The 16th-century Fountain of Moses, a testament to the power of Pope Sixtus V, sparkled after a restoration was finished in 1988 in Rome. But now the likeness of the biblical hero that adorns the fountain is turning black, the victim of a constant barrage of traffic exhaust and other pollutants.
In Florence, conservationists are considering moving Giambologna’s “A Rape of the Sabine Women”indoors. The statue adorns the majestic Piazza della Signoria but just five years after the restoration, it is already beginning to show signs of wear.
Many of Italy’s symbols of great empires and the works of Renaissance masters are deteriorating because of pollution. Environmental groups believe the government doesn’t spend enough money on prevention, only intervening after the damage has already been done. Furthermore they argue that the public is unaware that environmental pollution not only puts mankind at risk but is also harmful to architectural monuments. Although the problem is global, its impact is being felt acutely in Italy, which boasts more than 57,000 works of historic and cultural significance, and 37 cities and sites honoured as world heritage by the UN cultural organization UNESCO.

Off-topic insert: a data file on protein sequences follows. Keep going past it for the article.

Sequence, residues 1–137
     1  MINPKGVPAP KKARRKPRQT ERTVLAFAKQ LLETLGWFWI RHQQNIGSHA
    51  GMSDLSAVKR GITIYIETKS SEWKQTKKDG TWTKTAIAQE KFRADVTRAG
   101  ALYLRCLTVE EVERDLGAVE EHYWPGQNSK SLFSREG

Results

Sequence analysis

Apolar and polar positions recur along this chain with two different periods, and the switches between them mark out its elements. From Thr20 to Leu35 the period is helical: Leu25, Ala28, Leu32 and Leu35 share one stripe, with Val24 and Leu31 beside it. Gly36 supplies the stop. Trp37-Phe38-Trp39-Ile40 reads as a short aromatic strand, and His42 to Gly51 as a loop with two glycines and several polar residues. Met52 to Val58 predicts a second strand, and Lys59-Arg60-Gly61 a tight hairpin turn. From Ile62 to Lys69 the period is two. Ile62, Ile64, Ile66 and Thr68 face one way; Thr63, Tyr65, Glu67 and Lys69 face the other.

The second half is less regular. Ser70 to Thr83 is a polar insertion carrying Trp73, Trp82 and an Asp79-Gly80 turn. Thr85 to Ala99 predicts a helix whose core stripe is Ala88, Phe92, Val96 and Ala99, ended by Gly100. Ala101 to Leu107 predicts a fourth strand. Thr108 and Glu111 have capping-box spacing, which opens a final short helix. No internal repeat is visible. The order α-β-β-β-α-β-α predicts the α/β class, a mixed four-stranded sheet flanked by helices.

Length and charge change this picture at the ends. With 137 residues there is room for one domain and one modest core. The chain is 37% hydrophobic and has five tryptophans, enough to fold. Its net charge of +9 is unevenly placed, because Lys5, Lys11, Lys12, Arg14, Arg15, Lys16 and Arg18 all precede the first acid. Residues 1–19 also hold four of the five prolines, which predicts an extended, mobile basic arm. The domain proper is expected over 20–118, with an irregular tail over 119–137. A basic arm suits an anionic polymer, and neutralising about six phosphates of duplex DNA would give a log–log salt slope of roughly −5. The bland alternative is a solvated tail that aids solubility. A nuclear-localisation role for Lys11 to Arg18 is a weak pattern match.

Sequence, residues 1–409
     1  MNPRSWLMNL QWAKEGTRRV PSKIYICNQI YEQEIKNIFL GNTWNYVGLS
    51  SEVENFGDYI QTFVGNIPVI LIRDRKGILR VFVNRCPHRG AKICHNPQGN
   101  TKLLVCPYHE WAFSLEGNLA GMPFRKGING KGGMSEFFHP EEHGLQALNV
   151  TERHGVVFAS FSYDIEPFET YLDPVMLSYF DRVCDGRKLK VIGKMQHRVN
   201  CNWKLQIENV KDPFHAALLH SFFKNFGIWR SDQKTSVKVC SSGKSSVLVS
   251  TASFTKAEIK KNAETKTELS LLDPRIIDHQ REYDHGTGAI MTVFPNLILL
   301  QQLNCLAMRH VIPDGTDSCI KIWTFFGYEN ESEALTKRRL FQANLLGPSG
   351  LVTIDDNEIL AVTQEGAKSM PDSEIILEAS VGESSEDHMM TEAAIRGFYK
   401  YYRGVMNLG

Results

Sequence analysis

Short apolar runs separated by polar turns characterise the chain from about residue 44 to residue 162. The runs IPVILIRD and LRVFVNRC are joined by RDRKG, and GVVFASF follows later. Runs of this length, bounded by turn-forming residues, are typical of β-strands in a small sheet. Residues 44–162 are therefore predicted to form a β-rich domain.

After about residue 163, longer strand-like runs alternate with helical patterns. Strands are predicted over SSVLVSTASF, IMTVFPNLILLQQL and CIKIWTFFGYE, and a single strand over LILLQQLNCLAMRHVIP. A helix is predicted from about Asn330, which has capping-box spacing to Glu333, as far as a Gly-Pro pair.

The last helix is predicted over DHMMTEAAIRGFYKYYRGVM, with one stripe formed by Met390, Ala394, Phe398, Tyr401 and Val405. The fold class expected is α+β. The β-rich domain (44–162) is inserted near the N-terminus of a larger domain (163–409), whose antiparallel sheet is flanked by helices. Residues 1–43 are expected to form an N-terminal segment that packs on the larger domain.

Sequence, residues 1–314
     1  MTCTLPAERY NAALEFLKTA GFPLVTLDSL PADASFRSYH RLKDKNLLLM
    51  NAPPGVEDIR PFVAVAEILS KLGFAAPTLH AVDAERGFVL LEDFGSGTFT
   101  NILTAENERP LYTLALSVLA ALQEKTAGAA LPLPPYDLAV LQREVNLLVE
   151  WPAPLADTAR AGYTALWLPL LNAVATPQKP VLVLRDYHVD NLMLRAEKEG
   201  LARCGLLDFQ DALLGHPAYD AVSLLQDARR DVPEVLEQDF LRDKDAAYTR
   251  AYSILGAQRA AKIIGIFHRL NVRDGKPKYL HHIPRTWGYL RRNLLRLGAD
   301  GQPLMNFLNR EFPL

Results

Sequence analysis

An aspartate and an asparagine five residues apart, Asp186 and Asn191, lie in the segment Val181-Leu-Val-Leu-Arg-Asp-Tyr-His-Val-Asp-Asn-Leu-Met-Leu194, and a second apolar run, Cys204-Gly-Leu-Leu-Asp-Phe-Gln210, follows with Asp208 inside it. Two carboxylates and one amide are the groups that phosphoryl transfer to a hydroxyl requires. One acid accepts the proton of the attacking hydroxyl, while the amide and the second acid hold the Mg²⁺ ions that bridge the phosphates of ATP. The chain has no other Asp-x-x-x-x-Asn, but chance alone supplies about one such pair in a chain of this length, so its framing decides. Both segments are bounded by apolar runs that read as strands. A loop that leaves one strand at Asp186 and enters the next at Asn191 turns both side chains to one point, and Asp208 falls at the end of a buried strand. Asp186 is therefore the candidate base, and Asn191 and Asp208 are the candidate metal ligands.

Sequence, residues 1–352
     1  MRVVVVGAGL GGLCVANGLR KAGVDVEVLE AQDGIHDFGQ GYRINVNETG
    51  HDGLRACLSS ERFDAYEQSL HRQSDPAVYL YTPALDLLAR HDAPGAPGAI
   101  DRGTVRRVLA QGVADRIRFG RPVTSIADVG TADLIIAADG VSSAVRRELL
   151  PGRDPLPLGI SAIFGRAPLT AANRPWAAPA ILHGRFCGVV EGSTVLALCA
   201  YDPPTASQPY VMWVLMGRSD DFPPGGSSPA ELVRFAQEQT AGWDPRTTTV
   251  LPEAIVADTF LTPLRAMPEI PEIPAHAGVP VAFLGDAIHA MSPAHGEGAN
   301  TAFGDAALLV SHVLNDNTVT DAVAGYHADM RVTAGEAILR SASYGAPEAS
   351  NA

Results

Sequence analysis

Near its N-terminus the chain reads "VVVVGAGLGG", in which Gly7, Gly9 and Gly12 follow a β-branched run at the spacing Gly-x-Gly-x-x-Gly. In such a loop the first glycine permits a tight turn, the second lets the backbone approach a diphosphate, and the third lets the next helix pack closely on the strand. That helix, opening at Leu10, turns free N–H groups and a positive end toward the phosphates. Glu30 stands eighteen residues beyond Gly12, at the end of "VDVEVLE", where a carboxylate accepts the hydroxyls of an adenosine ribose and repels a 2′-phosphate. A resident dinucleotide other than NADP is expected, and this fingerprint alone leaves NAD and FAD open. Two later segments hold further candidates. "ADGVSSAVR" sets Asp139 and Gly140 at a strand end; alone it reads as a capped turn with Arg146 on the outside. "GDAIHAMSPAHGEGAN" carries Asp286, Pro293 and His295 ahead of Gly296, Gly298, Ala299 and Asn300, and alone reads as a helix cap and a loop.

“The situation is truly dramatic,” said Federica Sacco, director of the Save the Art initiative for Legambiente, Italy’s largest environmental organization. “Italy’s monuments are under attack, and people don’t realize that pollution is destroying them.”